| Chandrika R Krishnan | October 2023 | Photo Essay |

The shrill honk went right through my ears to rattle my brain. The e-rickshaws and regular autos vied for space, blaring their way through the crowd. The drivers of the few cars seemingly sat on their horns as I tried to give way to them. Amidst all the commotion, the humble cycle-rickshaw puller huffed his way with his two human cargos. I gingerly stepped over the red paan stains and took in the whiff of freshly-made jalebis and masala pooris wafting from tiny thatched-roof restaurants with benches and chairs of dubious sturdiness placed outside the shop. But looking at the number of people sitting comfortably on them, busy licking their fingers with gusto, I had to gracefully accept the sturdiness of the bench and the popularity of the place. The chai-wallah looked at me, hopefully sensing the inveterate tea drinker in me, but I demurred with a shake of my head.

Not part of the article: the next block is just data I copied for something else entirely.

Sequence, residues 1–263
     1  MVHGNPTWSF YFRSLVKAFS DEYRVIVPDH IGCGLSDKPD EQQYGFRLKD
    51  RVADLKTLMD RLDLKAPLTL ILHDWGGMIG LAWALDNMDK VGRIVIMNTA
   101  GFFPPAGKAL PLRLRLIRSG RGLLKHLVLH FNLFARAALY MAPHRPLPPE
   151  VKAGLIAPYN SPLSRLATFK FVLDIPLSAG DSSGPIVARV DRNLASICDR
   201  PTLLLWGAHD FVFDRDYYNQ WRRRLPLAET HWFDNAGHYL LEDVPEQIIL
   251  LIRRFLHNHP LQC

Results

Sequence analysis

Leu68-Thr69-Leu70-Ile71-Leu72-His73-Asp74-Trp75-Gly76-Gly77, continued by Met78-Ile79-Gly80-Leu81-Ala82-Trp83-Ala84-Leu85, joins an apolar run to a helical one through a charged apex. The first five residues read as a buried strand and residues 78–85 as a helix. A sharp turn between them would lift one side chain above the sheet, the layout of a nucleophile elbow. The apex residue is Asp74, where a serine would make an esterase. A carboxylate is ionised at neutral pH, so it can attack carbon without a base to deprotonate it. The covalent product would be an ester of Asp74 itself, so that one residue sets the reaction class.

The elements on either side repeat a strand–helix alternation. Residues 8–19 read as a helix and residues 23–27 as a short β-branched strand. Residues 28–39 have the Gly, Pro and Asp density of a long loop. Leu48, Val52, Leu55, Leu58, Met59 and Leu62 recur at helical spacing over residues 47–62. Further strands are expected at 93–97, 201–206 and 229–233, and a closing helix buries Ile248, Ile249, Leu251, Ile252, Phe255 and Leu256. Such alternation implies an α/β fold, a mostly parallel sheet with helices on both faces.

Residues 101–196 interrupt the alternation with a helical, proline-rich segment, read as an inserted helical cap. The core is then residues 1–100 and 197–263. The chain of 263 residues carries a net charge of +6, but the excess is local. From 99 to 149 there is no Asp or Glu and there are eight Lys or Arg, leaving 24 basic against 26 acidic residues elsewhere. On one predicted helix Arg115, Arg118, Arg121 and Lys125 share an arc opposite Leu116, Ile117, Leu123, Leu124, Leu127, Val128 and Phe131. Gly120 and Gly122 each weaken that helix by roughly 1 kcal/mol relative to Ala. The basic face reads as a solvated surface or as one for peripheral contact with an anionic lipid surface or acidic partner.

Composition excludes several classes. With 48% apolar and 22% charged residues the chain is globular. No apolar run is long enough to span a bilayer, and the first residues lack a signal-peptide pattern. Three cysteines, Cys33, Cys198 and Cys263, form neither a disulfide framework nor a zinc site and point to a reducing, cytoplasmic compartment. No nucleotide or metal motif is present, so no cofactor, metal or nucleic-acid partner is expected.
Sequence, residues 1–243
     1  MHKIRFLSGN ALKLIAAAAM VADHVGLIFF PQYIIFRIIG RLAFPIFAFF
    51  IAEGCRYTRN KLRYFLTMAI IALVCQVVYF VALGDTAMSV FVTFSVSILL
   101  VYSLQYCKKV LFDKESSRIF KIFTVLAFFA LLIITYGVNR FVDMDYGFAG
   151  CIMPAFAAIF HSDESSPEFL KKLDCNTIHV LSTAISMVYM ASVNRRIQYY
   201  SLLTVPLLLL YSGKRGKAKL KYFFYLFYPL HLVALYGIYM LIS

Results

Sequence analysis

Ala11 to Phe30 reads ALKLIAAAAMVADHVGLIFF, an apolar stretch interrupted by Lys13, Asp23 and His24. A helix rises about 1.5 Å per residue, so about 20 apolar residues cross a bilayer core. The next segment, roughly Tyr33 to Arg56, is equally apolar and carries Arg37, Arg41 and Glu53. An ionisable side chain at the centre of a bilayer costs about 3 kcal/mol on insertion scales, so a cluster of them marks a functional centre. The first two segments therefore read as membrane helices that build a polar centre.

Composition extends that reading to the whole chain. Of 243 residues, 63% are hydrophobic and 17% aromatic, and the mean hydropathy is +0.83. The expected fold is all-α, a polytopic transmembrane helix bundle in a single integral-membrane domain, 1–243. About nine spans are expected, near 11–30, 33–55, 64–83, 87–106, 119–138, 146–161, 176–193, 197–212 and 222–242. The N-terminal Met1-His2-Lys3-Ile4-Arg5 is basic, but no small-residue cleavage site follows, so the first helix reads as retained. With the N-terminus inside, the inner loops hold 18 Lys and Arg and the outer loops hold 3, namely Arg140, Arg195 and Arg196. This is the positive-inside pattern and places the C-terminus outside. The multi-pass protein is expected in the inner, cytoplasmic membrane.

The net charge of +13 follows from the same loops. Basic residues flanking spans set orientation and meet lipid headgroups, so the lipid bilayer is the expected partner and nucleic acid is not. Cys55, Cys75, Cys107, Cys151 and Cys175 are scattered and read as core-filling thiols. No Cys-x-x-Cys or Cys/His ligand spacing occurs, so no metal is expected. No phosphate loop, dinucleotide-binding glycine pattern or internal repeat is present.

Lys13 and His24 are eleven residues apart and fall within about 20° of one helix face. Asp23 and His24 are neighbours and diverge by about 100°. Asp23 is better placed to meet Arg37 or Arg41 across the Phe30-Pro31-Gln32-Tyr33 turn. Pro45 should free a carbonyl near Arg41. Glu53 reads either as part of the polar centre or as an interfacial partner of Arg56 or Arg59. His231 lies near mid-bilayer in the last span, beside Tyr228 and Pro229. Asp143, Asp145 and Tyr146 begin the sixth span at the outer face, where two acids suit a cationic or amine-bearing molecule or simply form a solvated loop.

I navigated the narrow lanes till I reached the top of the steps leading to the Ghats of the city of Varanasi, hitherto known as Kashi, and also goes by the name Benaras. Traditional etymology links “Varanasi” to two Ganges tributaries forming the city’s borders: Varuna, still flowing in northern Varanasi, and Assi. The name Varanasi was spelled Baranasi in Pali, which ultimately gave birth to the name Banaras. This city is known for its learning and hosts one of the prestigious public universities, the Benaras Hindu University. The city of Kashi has its root in the Sanskrit etymology ‘to shine,’ and hence Varanasi is also called the City of Light.

Stijn Dijkstra